This brought us to the point where we nearly always find a bird. It was determined that I would take the low side of the thicket. Whoever gets this side usually flushes at least one bird and usually gets only poor shots off. Whoever posts on the high side of the thicket usually gets a better look as the grouse in this thicket nearly always try to escape uphill. Today proved to be no exception. 40 yards in the dog stopped on a rock solid point. I could not produce a flush, but it was clear the birds hadn’t gone far. As he stood on point we heard a bird drumming nearby. I often wonder if anyone on earth can ever tell where that sound is coming from? I sure can’t. I released the dog from his point and within 25 yards he was locked up again. This time there was a thundering flush when I got within 15′ of the dog. I am pretty sure he must have stopped when he winded the bird and then at some point seen it walking around in front of him. He did well not to crowd like he does with planted birds sometimes. It is clear to me that he must be figuring the game out a little bit.
When the bird flushed he went nearly straight up. I got a pretty good shot of at him and really expected to hear him hit the ground but as I stood with smoking gun still mounted heard one, two, THREEEEE shots ring out. I hollered dumbfounded “did you just shoot three times…at a grouse????” “Yep and I got him too…did you shoot?” was the excited reply. It was decided that although Brian could see the down bird we would let the dog finish with a retrieve. I sounded the “dead bird” command he’d been waiting for and Gus moved in. As he approached the bird got up and took off. We were stunned. It appeared not to have gone far but we never flushed him again. We did have one wild flush in the lower bottom on our way through so my suspicion that there had been more than one on the ground in front of us was confirmed. Our hope is that the hit bird wasn’t hit too hard due to the thick foliage and maybe he survived to hunt another day.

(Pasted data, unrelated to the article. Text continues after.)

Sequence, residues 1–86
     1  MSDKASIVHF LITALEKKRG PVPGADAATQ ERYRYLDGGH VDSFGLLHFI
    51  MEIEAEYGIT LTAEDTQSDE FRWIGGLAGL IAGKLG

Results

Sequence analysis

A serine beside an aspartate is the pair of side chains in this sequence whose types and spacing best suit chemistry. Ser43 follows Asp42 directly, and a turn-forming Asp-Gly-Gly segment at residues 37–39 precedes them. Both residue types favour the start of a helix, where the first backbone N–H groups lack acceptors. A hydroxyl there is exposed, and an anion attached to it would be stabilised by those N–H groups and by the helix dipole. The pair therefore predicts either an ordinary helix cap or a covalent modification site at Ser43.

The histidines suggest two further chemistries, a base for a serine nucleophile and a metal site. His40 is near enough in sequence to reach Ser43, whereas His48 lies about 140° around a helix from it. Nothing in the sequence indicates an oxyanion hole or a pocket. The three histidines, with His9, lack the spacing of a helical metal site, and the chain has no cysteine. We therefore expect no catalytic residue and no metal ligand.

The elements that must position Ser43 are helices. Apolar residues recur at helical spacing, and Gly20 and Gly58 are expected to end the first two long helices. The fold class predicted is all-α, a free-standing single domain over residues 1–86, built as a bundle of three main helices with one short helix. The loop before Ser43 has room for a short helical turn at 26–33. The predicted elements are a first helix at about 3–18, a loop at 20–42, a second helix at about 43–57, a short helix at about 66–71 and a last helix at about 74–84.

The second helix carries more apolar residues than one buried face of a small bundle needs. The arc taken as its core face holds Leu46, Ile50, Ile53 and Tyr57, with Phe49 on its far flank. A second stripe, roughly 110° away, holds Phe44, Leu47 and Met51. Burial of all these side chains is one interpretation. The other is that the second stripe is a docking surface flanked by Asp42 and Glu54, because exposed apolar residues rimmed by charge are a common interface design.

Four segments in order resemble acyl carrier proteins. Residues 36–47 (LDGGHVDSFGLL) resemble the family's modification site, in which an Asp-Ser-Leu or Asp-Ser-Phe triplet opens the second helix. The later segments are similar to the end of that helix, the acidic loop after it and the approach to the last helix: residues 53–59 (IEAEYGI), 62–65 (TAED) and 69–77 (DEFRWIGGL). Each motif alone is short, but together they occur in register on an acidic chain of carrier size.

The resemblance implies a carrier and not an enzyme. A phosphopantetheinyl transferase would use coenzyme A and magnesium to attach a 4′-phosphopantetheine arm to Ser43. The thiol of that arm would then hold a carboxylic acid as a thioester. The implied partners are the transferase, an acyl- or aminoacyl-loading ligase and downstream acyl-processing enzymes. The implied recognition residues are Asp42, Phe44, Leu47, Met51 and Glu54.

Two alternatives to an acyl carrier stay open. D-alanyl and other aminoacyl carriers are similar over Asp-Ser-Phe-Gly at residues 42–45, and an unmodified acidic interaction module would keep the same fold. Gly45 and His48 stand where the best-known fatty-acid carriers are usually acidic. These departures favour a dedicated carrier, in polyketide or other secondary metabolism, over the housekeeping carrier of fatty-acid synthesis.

As we circled back to the truck the dog hit another solid point. I moved in to flush. As I approached I heard beating wings and yelled “bird”. No shot followed. “Did you see him?” I asked. “Yeah but that was the smallest grouse I ever saw” Brian replied. I thought I had seen some woodcock splash in the thicket, but brushed it off as it was far too early for flight birds and I have only to date ever seen one native bird in this part of the state. I asked if it could have been a woodcock. Brian replied “I don’t know I’ve never flushed one.” We discussed the typical flush scenario and whistling sound they usually make when they get up. As we came to the edge of the road we bumped another…this time Brian was reasonably sure it was a woodcock. I still hadn’t seen the bird and the dog was not close enough to have winded him. I was still doubtful, but hoped that it may be just a young of the year grouse. When we got to the truck I put my gun in the box and moved to get some water for the dog. As I stepped into the grass beside the driver’s door a woodcock flushed in front of me in typical rocket up and arc fashion. “That my friend is a woodcock!” I exclaimed. As I turned to locate the dog, I saw what I had missed before. He was standing by the truck on a rock solid point!…It ain’t over til it’s over I guess! We will not hunt this particular covert again until woodcock are in season. I hold hope that we might knock down a couple this year!